Wednesday, 14 June 2017

Grenfell Tower blaze - a parable of our times

Grenfell Tower is only two miles from me, so once the radio went off this morning I headed there.  

By the time I arrived at 7.30am the sirens had stopped, the screaming had stopped. People had stopped jumping to their death or throwing swaddled children out windows in the hope they’d be caught.

I walked past row after row of fire engines and dazed, hijab-clad women gathered outside community centres.

People were beginning to wake up and realise that in the smouldering, black pyre behind us people were still alive, children were missing, families missing.

The building itself was a horror, just a horror, the flames still rising across London, the embers falling to the streets.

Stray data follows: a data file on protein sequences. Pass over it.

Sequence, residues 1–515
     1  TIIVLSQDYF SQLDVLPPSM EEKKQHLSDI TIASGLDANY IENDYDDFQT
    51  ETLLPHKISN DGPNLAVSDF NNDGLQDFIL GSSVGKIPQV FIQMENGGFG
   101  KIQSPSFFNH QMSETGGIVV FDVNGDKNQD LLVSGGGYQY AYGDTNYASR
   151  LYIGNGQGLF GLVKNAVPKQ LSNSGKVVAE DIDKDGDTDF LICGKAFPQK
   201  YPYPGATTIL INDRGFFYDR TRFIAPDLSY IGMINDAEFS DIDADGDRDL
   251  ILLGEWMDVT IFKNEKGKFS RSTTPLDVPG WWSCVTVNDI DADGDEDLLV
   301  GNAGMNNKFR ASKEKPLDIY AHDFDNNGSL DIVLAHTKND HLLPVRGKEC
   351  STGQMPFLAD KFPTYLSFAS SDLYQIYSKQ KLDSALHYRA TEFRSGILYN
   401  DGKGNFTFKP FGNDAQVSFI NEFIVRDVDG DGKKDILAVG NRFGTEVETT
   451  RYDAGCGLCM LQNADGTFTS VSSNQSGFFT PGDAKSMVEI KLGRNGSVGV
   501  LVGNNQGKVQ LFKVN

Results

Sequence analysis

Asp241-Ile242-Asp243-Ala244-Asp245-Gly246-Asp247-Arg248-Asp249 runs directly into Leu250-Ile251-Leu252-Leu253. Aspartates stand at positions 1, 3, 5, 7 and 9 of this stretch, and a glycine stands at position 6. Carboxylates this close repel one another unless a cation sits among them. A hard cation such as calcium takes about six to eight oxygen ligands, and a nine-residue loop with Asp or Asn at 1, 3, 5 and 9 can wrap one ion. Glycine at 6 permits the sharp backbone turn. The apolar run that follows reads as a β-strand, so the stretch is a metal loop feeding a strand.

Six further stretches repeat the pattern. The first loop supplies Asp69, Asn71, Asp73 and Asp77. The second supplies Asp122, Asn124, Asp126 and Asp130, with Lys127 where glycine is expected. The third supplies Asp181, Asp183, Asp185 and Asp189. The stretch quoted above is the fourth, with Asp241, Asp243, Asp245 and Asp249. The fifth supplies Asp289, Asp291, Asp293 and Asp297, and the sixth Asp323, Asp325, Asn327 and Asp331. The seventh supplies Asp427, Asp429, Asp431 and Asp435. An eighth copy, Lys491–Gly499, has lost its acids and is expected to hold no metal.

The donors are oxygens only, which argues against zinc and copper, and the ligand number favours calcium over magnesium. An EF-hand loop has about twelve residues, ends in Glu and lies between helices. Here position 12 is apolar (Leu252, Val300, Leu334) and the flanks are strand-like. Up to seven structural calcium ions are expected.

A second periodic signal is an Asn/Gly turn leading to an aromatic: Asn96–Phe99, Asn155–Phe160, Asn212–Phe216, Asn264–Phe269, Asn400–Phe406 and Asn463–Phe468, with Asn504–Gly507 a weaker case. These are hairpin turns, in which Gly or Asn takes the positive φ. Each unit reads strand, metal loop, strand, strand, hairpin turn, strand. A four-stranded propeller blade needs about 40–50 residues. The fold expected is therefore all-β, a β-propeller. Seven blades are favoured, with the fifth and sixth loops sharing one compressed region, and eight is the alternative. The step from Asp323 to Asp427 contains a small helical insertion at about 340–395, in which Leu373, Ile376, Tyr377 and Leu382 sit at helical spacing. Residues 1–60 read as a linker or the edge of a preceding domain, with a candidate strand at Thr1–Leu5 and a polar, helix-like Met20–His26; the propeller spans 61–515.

And it was unbelievable that this could happen in the capital of Britain, in the 21st century.

People were shocked but they were angry too. Locals had warned, again and again, the towers were a firetrap. But they were ignored by the council and the building operators.

The official advice in the event of a fire was to stay put. People ignored that and their lives were saved.

Minister Nick Hurd announced a review of safety in tower blocks but that won’t bring back a single life from Grenfell Tower.

There will be an inquiry but many have come to their own conclusion, echoed by Jeremy Corbyn, that cuts were partly to blame.

Many believe this hellfire was a judgement, that Grenfell will become parable of our times.

This is the price paid when the voices of ordinary people, and the needs of communities, are ignored. 

This is what austerity costs. 

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